Driven by leading pedagogical research and innovation, the Centre for Higher Education Studies (CHES) is set among the dense urban fabric in Melbourne’s South Yarra on the traditional lands of the Wurundjeri and Bunurong people of the Kulin Nation. CHES supports high-achieving Victorian government secondary school students with state-of-the-art specialist facilities, offering a pathway for students to transition from secondary to tertiary education. The design promotes natural materials, biophilic principles, and sustainability measures in a safe and welcoming environment.
The brief focused on highly specialised spaces mixed with flexible and social spaces to achieve best practice. Four agile learning neighbourhoods are located on levels one and two, with informal break-out spaces leading to general and specialised learning settings, such as tertiary standard laboratories and fabrications workshops.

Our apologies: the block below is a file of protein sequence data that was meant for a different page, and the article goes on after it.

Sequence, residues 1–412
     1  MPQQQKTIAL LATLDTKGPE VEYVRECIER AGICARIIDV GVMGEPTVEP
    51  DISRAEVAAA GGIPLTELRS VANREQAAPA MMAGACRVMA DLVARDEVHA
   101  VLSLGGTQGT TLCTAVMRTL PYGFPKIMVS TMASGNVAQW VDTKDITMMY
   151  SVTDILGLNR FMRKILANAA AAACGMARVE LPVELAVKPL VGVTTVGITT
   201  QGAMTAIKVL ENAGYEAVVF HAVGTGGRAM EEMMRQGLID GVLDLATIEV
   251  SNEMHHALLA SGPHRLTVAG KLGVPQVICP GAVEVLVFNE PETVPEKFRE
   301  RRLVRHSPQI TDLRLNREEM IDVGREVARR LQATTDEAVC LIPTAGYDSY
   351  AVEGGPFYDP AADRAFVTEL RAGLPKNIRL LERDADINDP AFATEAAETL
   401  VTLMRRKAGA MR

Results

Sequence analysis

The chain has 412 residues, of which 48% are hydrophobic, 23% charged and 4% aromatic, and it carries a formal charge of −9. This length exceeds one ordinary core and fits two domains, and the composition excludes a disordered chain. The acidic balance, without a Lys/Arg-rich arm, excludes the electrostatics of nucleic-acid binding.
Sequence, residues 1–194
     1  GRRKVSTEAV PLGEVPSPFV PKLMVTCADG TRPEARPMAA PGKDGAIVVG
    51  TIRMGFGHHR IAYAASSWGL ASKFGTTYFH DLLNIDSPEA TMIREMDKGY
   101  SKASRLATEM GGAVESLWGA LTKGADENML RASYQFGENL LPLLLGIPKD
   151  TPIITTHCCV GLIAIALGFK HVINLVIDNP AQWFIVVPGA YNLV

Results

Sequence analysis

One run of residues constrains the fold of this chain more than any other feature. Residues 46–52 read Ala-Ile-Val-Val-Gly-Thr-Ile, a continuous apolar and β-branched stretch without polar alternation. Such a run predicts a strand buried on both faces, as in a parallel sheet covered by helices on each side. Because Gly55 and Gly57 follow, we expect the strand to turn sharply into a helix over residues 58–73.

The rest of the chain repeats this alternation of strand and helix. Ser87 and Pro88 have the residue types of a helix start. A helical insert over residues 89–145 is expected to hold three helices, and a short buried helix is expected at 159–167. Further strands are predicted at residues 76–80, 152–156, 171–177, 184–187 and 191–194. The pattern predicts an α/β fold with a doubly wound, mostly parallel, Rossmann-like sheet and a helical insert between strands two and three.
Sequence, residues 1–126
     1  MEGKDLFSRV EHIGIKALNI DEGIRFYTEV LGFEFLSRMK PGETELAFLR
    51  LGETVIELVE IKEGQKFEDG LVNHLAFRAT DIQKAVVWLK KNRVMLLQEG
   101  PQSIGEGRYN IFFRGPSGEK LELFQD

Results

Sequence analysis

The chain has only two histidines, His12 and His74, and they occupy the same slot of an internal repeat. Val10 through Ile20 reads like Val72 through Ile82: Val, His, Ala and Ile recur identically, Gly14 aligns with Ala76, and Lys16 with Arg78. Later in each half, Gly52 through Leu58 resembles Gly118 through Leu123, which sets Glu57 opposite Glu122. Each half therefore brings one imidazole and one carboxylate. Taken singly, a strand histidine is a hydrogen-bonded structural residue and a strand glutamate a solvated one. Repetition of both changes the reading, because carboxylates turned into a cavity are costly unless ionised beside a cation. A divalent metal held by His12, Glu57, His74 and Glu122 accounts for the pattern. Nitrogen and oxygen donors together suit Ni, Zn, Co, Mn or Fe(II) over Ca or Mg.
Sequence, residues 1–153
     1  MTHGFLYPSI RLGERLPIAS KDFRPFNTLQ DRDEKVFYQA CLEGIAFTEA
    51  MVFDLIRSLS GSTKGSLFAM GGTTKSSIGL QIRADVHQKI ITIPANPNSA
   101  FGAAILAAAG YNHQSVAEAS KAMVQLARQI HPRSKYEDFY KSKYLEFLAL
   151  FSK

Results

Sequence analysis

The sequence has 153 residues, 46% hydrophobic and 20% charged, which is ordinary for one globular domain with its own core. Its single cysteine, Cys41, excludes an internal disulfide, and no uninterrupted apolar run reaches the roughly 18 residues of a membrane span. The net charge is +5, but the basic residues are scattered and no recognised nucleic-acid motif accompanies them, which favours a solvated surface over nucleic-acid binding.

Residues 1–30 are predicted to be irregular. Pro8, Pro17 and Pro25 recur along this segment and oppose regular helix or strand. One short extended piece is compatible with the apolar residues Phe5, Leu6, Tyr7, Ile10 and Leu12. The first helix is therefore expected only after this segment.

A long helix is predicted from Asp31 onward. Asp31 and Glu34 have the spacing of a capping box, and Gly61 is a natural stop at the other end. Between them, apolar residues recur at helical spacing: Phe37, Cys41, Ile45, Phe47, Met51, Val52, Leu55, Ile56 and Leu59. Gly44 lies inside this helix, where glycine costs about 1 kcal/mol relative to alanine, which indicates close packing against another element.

Critical in unlocking the potential of the site, the central atrium draws natural light into the narrow site, ensuring each learning space has equitable amenity. Upon entry, movement is directed through a large lobby space, into a foyer, reception and café space. Landscaped with ferns and epiphytes, this vertical volume is lined with sustainably harvested Victorian ash timber and glazed windows. The space is covered by an ETFE inflatable roof, requiring less structural support than traditional glazed roofs and enhancing light control and thermal insulation.
Designed in accordance with the Victorian Government School Building Quality Standards Handbook, the building utilises passive solar design strategies, on-site generation with 10kW photovoltaic system, night purging of central atrium and water-efficient landscaping.
Furniture: VE Furniture, Hay, Cult, Own World, Jardan, BFX Furniture. Lighting: InLite. Finishes: Gibbon Group, Hurfurds, Anston’s Architectural Products, Fairview, Knauf Plasterboard, Autex Acoustics, Dulux, British Paints, Brightonlite. Fittings & Fixtures: Corian, CASF Australia, GWA Group, Britex.
Photography: Tom Ross